I am facing the following problem. I have a function which is defined through a discrete sum of Gaussians $$F_M(t) = 2\sum\limits_{n=1}^{M}e^{-t^2 \sigma^2 n^2}\times \sum\limits_{k=n}^{M}p_k p_{k-n} + \sum\limits_{k=0}^{M}p_k^2$$ where $\sigma$ is just a real parameter and $p_k$ are weights $$\sum\limits_{k=0}^{M}p_k = 1.$$ This functions decays from $F_M(0)=1$ down to $F_M(\infty)=\sum\limits_{k=0}^{M}p_k^2$.

The question is: how the decay time $\tau$ defined through the condition $F_M(\tau) = 1/2(1 - F_{M}(\infty))$ (at half height) depends on $M$?

Firstly, I tried to attack a particular case when $p_k = 1/(M+1)$. Then $$F_M(t) = \frac{2}{(M+1)^2}\left[(M+1)\sum\limits_{n=1}^{M}e^{-t^2 \sigma^2 n^2} - \sum\limits_{n=1}^{M}n\ e^{-t^2 \sigma^2 n^2} \right] + \frac{1}{(M+1)}.$$ I didn't manage to obtain any answer even for this simple case. The size $M$ does not necessarily has to be very large, but it is also interesting what happens when $M \rightarrow \infty$. Any ideas how the decay time might depend on $M$?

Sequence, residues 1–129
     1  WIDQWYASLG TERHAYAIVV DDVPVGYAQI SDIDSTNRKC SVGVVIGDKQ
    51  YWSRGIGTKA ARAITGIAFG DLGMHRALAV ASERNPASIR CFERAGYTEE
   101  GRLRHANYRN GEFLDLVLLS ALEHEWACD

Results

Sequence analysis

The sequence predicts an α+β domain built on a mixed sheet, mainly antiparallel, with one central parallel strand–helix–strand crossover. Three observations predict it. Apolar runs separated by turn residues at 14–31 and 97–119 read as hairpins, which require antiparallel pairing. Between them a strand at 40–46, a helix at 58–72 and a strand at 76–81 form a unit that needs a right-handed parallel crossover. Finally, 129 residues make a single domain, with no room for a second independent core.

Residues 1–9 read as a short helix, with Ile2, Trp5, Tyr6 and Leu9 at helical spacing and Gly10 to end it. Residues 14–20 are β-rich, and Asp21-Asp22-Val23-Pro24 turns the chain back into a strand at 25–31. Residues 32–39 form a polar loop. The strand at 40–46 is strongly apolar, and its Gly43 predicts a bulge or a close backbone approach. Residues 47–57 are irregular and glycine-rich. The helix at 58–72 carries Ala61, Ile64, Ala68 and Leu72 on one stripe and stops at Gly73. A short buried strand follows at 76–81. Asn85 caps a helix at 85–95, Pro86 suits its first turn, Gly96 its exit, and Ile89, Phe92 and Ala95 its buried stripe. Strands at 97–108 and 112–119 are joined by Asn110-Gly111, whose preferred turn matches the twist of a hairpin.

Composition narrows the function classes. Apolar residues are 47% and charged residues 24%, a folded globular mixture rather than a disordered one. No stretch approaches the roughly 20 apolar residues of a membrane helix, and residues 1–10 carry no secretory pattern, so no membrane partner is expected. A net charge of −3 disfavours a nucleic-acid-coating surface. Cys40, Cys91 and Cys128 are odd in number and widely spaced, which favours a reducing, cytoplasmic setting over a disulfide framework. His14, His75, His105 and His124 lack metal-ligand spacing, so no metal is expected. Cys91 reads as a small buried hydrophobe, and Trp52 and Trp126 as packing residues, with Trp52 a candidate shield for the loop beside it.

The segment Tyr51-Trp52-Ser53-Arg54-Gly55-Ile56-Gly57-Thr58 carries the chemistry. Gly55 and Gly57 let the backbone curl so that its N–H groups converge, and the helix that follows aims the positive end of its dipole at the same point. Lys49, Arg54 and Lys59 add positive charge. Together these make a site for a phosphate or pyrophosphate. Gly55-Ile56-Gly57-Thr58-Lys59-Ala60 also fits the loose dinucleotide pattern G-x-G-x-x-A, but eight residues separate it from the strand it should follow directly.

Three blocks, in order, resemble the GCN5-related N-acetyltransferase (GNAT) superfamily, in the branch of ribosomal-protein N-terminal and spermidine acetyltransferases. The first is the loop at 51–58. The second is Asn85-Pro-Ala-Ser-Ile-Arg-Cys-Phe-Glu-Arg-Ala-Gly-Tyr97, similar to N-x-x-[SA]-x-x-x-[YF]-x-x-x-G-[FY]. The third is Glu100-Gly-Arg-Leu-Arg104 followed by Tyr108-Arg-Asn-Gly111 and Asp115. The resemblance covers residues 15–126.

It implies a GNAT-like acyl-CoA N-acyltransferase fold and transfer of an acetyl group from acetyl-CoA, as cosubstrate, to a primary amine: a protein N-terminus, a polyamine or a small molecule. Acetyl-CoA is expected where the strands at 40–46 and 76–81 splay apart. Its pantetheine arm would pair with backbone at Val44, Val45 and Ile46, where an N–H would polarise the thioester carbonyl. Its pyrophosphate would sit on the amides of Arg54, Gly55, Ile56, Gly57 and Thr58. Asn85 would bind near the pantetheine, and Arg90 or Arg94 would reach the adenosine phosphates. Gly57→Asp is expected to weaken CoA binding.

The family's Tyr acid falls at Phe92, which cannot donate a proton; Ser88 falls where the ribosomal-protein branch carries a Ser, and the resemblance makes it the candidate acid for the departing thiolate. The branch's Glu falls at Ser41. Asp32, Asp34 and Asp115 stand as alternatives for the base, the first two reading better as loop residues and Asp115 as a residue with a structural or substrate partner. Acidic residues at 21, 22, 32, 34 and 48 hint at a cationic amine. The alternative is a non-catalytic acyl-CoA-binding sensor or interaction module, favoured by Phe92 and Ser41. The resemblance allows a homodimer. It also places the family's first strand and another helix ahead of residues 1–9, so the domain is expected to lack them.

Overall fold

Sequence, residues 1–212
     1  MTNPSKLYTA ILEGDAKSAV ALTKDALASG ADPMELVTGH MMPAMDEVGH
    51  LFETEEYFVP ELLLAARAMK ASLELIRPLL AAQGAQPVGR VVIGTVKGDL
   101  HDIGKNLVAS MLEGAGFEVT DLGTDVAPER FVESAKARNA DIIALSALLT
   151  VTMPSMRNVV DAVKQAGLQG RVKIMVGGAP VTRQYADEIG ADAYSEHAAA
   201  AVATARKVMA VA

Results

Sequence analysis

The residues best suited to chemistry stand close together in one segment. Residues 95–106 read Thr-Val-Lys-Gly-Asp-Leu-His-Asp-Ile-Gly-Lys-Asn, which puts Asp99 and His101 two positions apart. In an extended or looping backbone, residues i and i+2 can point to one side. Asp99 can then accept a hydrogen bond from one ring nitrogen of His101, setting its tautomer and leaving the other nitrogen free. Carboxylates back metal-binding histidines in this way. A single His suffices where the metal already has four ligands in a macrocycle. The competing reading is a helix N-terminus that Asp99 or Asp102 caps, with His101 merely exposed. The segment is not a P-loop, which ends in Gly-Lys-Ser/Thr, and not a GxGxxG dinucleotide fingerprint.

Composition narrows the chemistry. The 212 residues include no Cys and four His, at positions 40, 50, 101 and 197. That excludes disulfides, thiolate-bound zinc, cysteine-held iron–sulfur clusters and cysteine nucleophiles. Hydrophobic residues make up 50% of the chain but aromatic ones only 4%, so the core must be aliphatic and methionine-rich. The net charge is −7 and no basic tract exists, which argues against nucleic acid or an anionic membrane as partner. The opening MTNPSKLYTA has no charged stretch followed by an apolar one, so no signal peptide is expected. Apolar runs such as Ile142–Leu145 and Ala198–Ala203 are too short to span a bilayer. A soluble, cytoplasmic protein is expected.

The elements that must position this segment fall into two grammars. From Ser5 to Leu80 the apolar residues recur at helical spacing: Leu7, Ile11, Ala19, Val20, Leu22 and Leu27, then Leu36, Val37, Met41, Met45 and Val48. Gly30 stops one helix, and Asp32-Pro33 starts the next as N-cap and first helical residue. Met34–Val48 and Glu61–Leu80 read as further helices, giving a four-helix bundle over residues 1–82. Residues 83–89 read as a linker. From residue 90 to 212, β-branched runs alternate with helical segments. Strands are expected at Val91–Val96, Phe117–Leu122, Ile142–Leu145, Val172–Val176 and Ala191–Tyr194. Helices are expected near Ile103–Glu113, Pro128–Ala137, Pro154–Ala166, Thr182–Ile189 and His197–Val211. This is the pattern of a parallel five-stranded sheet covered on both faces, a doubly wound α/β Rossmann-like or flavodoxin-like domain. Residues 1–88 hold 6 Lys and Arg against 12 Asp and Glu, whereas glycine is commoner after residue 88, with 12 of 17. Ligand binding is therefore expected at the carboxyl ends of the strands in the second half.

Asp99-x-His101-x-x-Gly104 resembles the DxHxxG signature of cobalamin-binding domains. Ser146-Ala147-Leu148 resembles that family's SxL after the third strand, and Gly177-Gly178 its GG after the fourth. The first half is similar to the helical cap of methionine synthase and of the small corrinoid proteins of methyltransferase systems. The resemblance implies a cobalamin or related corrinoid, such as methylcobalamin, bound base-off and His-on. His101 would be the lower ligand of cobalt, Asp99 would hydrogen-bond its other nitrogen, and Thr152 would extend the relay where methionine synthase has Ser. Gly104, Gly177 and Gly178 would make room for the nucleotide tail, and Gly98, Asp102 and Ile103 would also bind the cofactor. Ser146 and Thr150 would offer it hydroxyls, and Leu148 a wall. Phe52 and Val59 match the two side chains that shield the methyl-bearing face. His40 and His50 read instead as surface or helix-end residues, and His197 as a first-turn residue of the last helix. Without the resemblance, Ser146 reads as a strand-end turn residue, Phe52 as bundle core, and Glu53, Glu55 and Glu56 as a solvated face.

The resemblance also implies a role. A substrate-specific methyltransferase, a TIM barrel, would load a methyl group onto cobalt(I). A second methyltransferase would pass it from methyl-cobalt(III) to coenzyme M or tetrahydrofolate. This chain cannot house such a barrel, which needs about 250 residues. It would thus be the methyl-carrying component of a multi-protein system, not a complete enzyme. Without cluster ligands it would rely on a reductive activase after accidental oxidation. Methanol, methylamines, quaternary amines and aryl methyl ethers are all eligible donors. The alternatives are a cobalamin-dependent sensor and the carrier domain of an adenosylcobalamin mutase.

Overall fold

the decay time in your "simple case" is well approximated by the large-$M$ limit [*]


here is a plot of


for $M=5,10,100$, that shows the half-time $s\approx 3$ is quite accurate already for not so large values of $M$

[*] for the large-$M$ limit I replace the sum in the defition of $F_M(t)$ by an integral and solve for the half-time,

$$\int_0^M\frac{2(M-x)}{M^2}e^{-(\sigma \tau x)^2}\,dx=\frac{1}{2}$$

this gives $M\sigma\tau=2.84092\cdots$.


Your Answer

By clicking “Post Your Answer”, you agree to our terms of service, privacy policy and cookie policy

Not the answer you're looking for? Browse other questions tagged or ask your own question.